On “Bad Friend,” she uses the fascinating frame of going buckwild in Tokyo with a former friend to painfully reveal that she has, in fact, not been keeping in touch and almost appears as if she does not even intend to. And on the devastatingly disarming chill of “Fuck This World (Interlude),” Rina imagines leaving the rampant decay of the world—perhaps by way of space shuttle or even suicide—in order to try again and start anew. “This is our mission impossible, but it’s worth trying,” she drawls in a rapturous mixture of defeat and hope, and we cannot help but feel the wave of sobriety crashing against our skulls.

Perhaps, more than anything, such psychological and philosophical soul-bearing is precisely why Sawayama feels so monumental. For, if we are being truly honest with ourselves, most of the biggest and well-known Pop stars have never looked nor sounded like Rina. Although other artists of color have had prominent and powerful positions within the genre, those of Asian descent have often been regulated to underground status or have had to play along with stereotypes or expectations in order to achieve a level of success.

Rina, however, feels like an entirely new individual, completely and wholly herself, unconcerned with what others want or desire from her. A child of the millennium, she is inherently influenced by the mainstream sounds that emerged within her formative years. But including her own culture and heritage into these commercialized spaces creates something that is so seamlessly and covertly groundbreaking that if one blinks, they may miss it.

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It’s what makes the aforementioned “Paradisin” feel both relative and revelatory. Sneaking out of one’s house in the middle of the night is a rite of passage for many Western adolescents. Yet, Rina’s perilous perspective of wanting to escape the apartment she shares with her very Eastern-minded mother adds a deeper complexity, revealing a person who wants to belong in the world of which she is growing but feeling stunted by the culture from which she arises.

Such tensions are also prevalent on “Tokyo Takeover,” in which Rina partly-reflects in Japanese on the initial struggles she faced reconciling her heritage amidst a British landscape. Although its lithe, cheerleading yelps create an atmosphere that is strikingly triumphant, we are able to sense the amount of courage and effort it has taken to reach such a level of confidence and immense pride.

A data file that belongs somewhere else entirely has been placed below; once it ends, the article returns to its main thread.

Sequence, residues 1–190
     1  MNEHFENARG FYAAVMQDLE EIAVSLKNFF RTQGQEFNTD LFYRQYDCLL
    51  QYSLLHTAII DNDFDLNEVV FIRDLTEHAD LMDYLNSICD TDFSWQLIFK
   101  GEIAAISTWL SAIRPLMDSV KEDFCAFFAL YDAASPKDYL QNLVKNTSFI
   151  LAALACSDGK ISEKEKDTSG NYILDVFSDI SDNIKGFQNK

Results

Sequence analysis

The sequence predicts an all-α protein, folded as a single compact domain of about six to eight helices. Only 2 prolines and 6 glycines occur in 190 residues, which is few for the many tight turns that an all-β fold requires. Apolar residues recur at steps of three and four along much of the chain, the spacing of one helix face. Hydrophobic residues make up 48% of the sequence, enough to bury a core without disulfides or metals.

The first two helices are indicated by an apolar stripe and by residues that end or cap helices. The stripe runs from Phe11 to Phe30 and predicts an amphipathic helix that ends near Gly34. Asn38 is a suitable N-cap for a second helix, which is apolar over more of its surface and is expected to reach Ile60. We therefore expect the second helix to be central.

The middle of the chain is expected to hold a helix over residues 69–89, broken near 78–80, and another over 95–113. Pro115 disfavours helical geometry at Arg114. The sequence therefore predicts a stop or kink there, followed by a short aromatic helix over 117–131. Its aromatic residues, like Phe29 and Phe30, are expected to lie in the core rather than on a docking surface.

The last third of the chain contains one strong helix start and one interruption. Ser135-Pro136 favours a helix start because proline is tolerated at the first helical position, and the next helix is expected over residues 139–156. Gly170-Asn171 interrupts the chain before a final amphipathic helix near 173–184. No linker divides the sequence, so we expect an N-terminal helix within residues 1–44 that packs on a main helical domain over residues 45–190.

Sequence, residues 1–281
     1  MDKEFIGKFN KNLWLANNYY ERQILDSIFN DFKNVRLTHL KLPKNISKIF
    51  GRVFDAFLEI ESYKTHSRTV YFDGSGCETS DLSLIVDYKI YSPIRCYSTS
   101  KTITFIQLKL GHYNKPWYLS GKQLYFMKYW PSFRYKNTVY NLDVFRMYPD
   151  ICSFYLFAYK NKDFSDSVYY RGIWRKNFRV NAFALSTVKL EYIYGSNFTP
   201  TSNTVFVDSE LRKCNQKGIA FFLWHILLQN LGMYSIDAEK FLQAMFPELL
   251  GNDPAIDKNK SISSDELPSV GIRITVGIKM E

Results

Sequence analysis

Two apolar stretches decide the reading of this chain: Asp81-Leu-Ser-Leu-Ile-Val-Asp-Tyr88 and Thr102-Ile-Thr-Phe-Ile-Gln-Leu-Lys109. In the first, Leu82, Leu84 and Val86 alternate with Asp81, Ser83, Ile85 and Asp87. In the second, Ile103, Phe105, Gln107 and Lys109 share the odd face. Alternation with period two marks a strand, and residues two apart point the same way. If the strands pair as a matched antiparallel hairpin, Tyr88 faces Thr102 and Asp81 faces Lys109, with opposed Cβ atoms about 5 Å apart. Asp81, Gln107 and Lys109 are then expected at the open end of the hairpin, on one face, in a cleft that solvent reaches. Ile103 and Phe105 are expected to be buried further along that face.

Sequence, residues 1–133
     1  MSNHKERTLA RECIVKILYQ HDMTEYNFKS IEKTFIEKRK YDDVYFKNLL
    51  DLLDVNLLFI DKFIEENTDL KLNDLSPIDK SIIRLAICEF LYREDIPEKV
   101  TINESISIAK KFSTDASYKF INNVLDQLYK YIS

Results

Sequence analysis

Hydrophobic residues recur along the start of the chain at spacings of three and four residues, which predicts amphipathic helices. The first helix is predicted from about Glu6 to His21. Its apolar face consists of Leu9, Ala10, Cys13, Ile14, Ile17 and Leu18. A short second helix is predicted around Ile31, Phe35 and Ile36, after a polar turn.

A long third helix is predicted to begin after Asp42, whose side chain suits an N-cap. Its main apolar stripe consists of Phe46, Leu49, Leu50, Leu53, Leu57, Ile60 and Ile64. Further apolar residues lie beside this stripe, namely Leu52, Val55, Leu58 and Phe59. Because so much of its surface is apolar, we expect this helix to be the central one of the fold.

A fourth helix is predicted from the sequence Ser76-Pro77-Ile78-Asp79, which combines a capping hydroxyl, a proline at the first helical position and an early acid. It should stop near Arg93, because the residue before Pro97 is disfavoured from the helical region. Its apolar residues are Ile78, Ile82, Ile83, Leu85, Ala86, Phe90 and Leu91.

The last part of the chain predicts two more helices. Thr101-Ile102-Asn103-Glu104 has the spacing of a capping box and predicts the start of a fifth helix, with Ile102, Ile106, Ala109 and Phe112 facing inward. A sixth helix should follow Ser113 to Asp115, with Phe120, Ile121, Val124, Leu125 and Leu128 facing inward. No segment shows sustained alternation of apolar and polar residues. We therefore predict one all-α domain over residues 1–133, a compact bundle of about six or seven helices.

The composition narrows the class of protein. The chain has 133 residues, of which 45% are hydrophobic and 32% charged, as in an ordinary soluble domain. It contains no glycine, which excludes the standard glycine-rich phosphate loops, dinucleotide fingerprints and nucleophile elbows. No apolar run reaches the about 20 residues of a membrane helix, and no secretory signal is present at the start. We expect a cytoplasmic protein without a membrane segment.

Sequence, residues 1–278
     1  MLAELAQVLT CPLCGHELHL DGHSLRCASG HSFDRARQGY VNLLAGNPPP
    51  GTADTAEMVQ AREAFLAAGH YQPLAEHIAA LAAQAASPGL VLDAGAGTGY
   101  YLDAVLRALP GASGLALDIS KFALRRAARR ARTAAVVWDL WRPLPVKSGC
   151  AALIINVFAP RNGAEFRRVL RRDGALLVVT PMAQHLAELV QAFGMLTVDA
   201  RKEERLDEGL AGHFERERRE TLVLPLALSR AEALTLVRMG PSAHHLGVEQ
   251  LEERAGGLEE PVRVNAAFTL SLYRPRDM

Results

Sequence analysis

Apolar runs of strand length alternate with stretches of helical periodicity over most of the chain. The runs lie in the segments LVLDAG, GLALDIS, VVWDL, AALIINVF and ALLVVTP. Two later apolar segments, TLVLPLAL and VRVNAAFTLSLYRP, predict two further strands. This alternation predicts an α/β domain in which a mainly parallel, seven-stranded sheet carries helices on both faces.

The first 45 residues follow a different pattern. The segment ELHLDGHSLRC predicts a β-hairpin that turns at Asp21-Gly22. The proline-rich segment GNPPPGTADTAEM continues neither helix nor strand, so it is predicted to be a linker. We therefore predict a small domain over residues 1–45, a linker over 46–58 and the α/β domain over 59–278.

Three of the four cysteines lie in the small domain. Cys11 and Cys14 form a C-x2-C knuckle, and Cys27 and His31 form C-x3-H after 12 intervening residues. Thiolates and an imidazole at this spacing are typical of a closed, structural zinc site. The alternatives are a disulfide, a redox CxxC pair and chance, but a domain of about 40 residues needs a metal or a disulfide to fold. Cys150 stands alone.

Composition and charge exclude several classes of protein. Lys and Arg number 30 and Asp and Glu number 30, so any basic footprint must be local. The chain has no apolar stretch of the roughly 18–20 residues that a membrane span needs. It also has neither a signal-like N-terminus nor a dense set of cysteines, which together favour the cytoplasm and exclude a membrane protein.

For most people of color, there exists a constant awareness of double consciousness, in which you are living between two worlds based on the norms of the dominant and of your own ethnic culture. On Sawayama, Rina introduces this concept into the Pop sphere in ways it has never been viewed before, giving a perspective on race that has, for the time, been primarily evoked by black and Latinx audiences.

In a world inundated with hyperbole, in which each and every critic—or citizen, as we now all hold such careers—trips over themselves to anoint the latest work of art as important and groundbreaking, it is perhaps hard for anyone to decipher the true concept of importance when it is before them. But Sawayama cannot simply be described or viewed as anything else. While it may play with typical concepts and beliefs within the Pop genre, it provides so much newness and freshness that it cannot be merely seen as another “release.”

Instead, especially amidst the current global landscape of abject terror and uncertainty, Sawayama introduces a sociocultural viewpoint that forces one to wonder why such a work of art had never been created before. It forces one to acknowledge the discrimination and tokenism of the music industry. It forces one to look upon those would-be-crossover artists of years’ past who may have generated greater followings had they been allowed the opportunity.

Unsurprisingly, Rina herself has been quite vocal about this widespread racism and her unique and crucial position in the world of Pop; she is incredibly keen of those who crawled so she could walk. And with Sawayama, she has created a brilliant, bountiful reflection of these epiphanies, giving us a spellbinding album that obliterates the boundaries that rose before and opens new paths for those inching to rise after.

About Marsalis

poet of pop.